32.3% of Popular Imported Condom Brands Fail to Pass China’s Quality Tests

On February 20, Chinese media reported that the Quality Supervision Department found that 32.3% of the imported condoms on which they performed random inspections did not pass quality tests. The results both worry and confuse Chinese netizens.

According to China’s National Business Daily and other Chinese state media, an astounding 32.3% of imported condoms tested for quality standards were found inadequate over the past year.

China’s General Administration of Quality Supervision did a random inspection of 133 batches of imported condoms in 2016.

The 32.3% that did not pass the safety requirements included brands such as Jissbon (杰士邦), Okamoto (冈本), True SEX, Donless (多乐士), Elasun (尚牌), Six Sex (第6感), Nox (诺丝), One Topeak (1号巅峰), and others. The majority of these brands are imported from Japan, but also from Malaysia or Thailand.

The main failures were related to loss of effectiveness/strength before the expiry date, or a problem with packaging not meeting the standards for the Chinese market.

One of the brands included in the list, Okamoto, also produces Rilakkuma “Honey” Condoms – Japanese kawaii condoms that look more like candies than contraceptive.

On Weibo, news of the high percentage of unqualified condoms was a cause of concern to many: “This makes me nervous,” some netizens said, mentioning the risk of unwanted pregnancy and STDs.

Many commenters also found that the report was not informative enough, wondering about the full list of brands, and wanting to know the reasons why the concerning brands did not qualify.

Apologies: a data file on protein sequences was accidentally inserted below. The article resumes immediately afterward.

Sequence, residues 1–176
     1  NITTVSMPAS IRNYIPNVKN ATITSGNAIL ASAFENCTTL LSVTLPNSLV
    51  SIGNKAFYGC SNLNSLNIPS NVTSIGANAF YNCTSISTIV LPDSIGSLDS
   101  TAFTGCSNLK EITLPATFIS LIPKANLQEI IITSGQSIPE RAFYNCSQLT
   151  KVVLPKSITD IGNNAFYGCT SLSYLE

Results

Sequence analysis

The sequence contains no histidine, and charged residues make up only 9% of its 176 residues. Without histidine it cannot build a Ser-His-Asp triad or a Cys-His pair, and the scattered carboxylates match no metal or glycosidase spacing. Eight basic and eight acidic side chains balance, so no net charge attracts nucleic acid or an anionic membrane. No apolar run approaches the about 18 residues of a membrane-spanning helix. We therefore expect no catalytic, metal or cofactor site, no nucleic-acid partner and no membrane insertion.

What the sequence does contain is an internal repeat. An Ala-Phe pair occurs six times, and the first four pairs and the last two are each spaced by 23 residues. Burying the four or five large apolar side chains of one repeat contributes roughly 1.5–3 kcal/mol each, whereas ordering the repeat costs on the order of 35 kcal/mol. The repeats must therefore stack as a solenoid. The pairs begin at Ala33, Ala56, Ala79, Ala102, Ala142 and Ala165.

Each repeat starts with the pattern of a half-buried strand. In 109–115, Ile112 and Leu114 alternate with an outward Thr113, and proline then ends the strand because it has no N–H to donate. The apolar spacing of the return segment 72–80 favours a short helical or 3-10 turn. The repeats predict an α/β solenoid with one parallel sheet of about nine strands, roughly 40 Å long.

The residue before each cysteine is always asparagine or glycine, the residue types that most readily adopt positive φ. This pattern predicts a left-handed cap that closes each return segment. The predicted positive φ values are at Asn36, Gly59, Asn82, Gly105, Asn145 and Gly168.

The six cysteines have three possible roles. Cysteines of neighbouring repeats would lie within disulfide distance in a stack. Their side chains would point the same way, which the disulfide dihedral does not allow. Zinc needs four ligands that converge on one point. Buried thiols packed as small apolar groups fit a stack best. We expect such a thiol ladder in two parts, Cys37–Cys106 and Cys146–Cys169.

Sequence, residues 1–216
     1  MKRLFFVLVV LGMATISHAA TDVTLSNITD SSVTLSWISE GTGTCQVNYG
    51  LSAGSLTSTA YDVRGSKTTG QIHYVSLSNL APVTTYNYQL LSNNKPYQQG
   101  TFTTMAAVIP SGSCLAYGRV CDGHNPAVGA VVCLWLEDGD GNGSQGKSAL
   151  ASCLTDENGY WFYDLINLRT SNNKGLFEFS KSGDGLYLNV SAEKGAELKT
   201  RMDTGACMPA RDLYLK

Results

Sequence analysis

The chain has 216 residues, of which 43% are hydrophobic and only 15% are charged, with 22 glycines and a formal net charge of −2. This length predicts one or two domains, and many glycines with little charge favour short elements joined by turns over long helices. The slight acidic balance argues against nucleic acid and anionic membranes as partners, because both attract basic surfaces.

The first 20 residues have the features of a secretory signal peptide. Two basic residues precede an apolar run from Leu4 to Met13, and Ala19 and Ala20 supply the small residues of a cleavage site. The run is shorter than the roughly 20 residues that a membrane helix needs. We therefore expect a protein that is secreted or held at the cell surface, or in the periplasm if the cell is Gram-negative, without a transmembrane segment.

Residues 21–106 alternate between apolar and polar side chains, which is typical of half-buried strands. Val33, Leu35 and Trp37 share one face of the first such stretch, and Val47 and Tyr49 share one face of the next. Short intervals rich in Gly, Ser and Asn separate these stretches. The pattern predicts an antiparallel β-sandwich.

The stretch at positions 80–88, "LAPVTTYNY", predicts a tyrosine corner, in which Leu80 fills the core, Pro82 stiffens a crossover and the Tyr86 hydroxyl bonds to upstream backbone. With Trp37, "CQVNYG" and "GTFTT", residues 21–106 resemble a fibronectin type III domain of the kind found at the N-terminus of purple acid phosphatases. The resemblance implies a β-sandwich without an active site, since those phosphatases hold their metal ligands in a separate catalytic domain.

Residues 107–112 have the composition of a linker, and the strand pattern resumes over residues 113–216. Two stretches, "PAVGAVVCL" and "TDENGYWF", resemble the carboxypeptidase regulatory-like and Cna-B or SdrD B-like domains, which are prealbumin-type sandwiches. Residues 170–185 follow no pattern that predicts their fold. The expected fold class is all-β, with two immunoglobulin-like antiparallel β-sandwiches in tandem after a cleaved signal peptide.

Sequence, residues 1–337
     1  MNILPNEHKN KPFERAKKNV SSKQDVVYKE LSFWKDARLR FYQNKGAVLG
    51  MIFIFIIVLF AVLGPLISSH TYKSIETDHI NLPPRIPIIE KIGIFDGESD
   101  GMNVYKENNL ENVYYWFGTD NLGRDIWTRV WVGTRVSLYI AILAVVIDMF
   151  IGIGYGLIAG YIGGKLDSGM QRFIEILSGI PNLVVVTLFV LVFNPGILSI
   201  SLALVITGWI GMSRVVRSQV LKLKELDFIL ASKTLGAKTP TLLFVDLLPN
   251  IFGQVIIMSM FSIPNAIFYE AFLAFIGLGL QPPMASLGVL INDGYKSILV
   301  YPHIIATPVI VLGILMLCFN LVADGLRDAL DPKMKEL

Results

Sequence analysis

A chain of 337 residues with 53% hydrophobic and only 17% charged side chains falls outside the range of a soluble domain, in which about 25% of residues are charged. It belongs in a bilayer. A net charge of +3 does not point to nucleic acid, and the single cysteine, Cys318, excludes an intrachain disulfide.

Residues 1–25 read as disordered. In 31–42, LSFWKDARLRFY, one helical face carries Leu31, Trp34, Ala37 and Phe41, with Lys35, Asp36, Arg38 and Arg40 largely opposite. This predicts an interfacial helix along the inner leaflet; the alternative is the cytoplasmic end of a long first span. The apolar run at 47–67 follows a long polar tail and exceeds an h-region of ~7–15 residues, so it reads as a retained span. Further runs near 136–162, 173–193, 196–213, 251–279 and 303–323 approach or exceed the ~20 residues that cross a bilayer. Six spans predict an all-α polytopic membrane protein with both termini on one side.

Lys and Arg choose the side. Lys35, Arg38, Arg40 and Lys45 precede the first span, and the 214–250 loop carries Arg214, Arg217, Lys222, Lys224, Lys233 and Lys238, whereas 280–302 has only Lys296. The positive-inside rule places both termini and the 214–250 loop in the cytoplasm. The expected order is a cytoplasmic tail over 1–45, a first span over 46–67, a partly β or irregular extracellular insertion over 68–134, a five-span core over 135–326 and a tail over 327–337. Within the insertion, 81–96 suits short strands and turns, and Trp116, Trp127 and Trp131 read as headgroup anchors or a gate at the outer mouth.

“Is Durex still ok?”, some asked. People also asked how they could find out if they purchased potentially unsafe condoms.

“You first make me buy these condoms for a long time, and now you’re saying they’re not safe, what is this supposed to mean?”, one man from Jiangxi said.

Some netizens also joked that these unqualified condoms were helping to fix China’s need for higher birth rates: “Foreigners are secretly contributing to China’s ‘Two Child Policy’,” they said.

– By Manya Koetse
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About the author: Manya Koetse is the editor-in-chief of www.whatsonweibo.com. She is a writer and consultant (Sinologist, MPhil) on social trends in China, with a focus on social media and digital developments, Sino-Japanese relations and gender issues. Contact at manya@whatsonweibo.com, or follow on Twitter.

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